The slow, painful death of television

Statistics Canada has just published statistics about Canadian television viewing in Fall 2004 (via CBC). I loved TV once, and as I sit by its deathbed, I’m torn between wanting to hold onto it just a little longer and hoping for its suffering to end.

Not many years ago, before panicking about the Internet became fashionable, Moms-Who-Like-To-Worry were concerned that their kids were watching too much TV. Many moms even restricted or banned TV in their houses, ensuring that their kids would spend most of their after-school and weekend time at friends houses doing <so-called>homework</so-called>. Well, it turns out that by the middle of this decade, kids couldn’t care less — Canadian teens spent only about 12.9 hours/week watching TV, half the average for all ages. Men 18-24 spent only 12.4 hours watching TV. That still represents nearly two hours per day, which seems to me like a lot, but it’s been declining steadily over the years.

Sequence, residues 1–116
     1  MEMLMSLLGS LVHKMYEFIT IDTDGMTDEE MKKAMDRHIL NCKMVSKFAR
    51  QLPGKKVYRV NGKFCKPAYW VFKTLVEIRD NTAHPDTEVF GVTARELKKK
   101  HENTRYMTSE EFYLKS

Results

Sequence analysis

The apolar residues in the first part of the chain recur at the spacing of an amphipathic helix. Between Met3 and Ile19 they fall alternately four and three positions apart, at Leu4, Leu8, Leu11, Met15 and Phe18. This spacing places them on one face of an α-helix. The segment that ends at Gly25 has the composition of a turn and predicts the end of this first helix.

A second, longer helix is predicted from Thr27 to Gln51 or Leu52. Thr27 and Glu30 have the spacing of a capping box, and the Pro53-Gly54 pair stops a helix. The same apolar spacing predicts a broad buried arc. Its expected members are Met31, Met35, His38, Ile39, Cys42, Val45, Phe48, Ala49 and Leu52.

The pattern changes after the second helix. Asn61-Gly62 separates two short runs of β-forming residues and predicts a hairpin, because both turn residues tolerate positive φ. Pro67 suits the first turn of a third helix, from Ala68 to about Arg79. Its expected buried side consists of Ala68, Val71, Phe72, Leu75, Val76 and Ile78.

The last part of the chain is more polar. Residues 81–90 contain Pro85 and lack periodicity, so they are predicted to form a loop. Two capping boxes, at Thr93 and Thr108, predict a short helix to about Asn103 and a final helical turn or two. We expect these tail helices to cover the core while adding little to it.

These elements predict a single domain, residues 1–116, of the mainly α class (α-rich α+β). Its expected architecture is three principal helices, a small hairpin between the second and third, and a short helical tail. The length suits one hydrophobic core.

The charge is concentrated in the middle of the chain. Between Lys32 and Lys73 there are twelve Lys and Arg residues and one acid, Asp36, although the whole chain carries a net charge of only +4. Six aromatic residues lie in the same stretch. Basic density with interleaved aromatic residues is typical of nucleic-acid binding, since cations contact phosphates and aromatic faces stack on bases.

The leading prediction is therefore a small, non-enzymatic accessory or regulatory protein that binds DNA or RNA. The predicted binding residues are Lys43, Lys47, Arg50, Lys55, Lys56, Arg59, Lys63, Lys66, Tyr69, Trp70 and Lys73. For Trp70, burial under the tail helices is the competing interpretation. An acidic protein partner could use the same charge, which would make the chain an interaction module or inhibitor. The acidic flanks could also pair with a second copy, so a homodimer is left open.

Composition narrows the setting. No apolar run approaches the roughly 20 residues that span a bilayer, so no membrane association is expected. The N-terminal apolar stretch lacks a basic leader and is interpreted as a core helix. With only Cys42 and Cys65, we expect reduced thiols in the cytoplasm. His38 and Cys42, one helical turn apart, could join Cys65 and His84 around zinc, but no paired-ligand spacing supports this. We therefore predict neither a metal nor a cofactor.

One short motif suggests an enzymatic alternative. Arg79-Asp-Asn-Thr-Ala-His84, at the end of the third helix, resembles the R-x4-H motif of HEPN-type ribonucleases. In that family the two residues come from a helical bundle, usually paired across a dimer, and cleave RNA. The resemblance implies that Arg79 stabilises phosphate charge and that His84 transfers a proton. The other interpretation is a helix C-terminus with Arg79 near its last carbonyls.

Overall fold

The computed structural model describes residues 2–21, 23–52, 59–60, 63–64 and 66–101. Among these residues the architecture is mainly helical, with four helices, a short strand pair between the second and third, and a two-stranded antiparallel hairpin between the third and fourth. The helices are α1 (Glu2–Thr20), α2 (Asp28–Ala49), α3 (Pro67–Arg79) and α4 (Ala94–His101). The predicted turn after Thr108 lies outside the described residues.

In contrast, now that their kids have left the nest and it’s safe to turn the TV back on, the Moms-Who-Once-Liked-To-Worry cannot tear themselves away — Canadian women over 60 watched 35.6 hours of TV a week, which is pretty close to a full-time job in North America or three full-time jobs in France. I wonder if their now-grown, formerly TV-deprived kids phone home once in a while just to yell “HYPOCRITE!” at them.

Teenagers don’t watch much TV, I think, because it cuts into their text messaging time (except maybe as background noise). Young males would rather play videogames or misrepresent themselves on MySpace. So who watches TV? Same as it always was: the Baby Boomers. TV was born with the boomers and perhaps it will die with us, even if we don’t get most of the jokes on the The Daily Show.

About David Megginson

Scholar, tech guy, Canuck, open-source/data/information zealot, urban pedestrian, language geek, tea drinker, pater familias, red tory, amateur musician, private pilot.
This entry was posted in Uncategorized and tagged . Bookmark the permalink.